Begin the beginning

I am sure that many of you have already witnessed a public talk starting with an opening like:

“Good morning everybody. My name is John Doe, and I am VP product management at Acme Industries Inc. First, I would like to thank the organizers for giving me the opportunity to speak here.  I am really honored to deliver a keynote at this event. And I ‘m also delighted that so many of you have shown up to listen to my presentation…”

As most people decide within the first few seconds of a presentation whether a speaker is worth listening to, be sure that John had already lost the ears of his listeners before he had even projected his first slide! (other real life examples of terrible opening lines on Ethan Rotman’s iSpeakEASY blog…)

A better way to grab the audience’s attention is to intrigue, surprise or provoke them. Here are a few examples of openings that I have used in the past:

  • Intrigue: when I opened a lecture about corporate storytelling with a statement about the number of cooking programs on local TV, this was not at all relevant for my talk. But it helped me to puzzle the audience and to create a link to the nouvelle cuisine metaphor I wanted to use in the rest of my presentation (view my slides on SlideShare)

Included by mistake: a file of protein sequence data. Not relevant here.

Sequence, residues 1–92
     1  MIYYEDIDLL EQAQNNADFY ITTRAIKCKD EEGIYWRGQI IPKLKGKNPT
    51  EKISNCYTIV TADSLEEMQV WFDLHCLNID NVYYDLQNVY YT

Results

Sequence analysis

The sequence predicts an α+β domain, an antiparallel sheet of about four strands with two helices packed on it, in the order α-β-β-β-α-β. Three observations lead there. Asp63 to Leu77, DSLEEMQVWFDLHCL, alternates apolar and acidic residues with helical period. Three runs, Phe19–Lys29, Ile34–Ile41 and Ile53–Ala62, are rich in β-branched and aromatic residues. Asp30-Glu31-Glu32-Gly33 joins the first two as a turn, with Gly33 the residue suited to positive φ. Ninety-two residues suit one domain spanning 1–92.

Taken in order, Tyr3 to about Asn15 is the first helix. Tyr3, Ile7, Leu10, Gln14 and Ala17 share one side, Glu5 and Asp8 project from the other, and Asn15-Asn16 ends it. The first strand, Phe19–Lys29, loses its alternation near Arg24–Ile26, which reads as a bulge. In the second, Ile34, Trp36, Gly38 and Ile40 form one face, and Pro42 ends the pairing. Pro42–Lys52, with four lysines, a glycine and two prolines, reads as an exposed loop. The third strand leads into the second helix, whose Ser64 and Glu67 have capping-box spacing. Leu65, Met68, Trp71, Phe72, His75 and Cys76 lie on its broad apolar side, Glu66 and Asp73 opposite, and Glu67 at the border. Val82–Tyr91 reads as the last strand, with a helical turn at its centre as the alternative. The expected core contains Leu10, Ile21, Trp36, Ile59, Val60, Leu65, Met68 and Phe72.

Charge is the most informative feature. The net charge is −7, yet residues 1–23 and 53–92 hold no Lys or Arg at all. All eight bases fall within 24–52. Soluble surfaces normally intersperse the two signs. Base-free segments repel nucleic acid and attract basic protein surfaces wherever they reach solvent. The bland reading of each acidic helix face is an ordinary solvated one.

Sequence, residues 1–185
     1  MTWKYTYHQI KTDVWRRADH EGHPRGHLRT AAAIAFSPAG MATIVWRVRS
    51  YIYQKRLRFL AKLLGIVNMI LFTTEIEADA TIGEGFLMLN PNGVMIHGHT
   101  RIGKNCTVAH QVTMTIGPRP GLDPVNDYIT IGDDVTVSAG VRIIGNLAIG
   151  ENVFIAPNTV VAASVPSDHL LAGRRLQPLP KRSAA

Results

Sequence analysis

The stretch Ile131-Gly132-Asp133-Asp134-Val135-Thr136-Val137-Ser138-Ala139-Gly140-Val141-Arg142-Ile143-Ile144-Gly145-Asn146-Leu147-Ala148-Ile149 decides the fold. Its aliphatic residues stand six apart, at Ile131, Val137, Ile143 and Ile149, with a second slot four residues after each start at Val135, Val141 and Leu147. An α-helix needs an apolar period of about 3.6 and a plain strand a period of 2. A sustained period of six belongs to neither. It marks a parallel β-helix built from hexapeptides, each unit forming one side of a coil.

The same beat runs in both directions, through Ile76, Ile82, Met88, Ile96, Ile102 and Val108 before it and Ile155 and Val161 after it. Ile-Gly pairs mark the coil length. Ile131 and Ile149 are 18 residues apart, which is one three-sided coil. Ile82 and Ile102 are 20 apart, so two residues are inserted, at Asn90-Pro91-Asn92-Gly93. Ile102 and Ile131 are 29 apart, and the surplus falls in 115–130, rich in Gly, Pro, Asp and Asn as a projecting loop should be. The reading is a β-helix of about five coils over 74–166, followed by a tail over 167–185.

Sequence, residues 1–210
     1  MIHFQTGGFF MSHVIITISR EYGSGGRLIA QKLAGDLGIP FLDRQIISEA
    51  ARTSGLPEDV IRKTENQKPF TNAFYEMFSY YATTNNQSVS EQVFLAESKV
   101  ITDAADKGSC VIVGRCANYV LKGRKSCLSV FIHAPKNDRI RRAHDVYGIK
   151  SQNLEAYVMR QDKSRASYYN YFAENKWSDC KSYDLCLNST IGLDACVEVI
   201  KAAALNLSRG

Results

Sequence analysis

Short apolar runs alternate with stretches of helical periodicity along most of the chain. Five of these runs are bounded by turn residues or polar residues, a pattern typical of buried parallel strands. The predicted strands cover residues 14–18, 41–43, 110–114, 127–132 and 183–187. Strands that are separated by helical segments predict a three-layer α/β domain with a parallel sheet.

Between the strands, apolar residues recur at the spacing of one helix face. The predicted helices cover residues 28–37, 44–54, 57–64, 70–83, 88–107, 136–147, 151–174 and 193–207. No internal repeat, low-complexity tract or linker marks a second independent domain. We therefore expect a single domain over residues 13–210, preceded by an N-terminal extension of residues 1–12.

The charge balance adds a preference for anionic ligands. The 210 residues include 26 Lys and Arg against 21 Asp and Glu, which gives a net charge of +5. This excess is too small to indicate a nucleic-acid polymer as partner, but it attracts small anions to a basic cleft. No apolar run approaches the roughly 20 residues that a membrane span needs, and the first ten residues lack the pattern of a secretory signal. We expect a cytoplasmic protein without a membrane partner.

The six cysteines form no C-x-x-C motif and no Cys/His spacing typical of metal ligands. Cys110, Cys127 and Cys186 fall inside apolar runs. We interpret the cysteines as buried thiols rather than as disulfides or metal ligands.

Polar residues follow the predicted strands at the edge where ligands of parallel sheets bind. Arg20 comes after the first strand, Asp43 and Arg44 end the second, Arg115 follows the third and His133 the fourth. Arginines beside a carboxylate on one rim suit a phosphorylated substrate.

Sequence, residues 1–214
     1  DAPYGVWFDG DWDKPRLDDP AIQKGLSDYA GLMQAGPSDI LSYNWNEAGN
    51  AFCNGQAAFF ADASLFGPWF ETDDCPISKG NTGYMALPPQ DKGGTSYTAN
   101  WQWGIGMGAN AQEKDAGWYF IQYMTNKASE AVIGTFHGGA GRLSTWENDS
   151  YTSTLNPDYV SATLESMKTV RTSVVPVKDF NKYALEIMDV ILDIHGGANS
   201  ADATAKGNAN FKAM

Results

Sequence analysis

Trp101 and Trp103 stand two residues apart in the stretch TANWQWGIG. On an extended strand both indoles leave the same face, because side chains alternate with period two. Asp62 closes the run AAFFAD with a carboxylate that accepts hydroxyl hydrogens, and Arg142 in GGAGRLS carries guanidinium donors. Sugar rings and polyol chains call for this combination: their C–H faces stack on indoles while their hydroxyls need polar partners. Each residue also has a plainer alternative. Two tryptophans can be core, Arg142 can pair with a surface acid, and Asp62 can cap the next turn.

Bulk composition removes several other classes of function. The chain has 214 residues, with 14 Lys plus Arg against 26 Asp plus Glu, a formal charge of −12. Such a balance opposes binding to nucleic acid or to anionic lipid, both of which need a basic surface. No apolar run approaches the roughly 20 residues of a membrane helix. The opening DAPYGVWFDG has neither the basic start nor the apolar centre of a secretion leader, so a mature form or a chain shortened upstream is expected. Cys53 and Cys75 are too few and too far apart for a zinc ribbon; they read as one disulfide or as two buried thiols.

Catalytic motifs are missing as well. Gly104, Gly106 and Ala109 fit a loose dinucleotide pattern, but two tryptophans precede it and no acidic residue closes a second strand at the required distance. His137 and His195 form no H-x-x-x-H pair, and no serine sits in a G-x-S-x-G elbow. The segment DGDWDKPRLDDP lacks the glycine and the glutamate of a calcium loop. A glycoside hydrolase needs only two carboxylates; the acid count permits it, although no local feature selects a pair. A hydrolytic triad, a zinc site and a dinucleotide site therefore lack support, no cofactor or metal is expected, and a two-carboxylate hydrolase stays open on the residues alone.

opening_intrigue

  • Surprise: using the popular “Who Wants to Be a Millionaire?” format, I once engaged my audience in an interactive quiz. A great way to wake up the room and to playfully introduce the topic of your talk. (view my presentation on SlideShare)

opening_surprise

  • Provoke: speaking at a technology conference, I started with Hans Christian Andersen’s fairy tale about the Emperor’s New Clothes to pitch a new and hyped innovation. As the room was filled with supporters of the new technology it was certainly a provoking beginning (read my blog post about telling fairy tales)

opening_provoke

As speaking coach Carmen Taran is saying in her book “Better Beginnings”:

“When you fill the first unforgiving 30 seconds with something that has impact, edge, and emotion, you earn the right to be heard.”

So, next time you’re delivering a talk, make sure you grab your audience’s attention from the first second onwards.

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6 thoughts on “Begin the beginning

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  2. Excellent ! Thanks for posting this. I regularly use a more generic type of opening, namely simply by making a (short, simple) statement that makes everybody wonder “What does he mean…?”.
    “Today, all companies have two big problems…”

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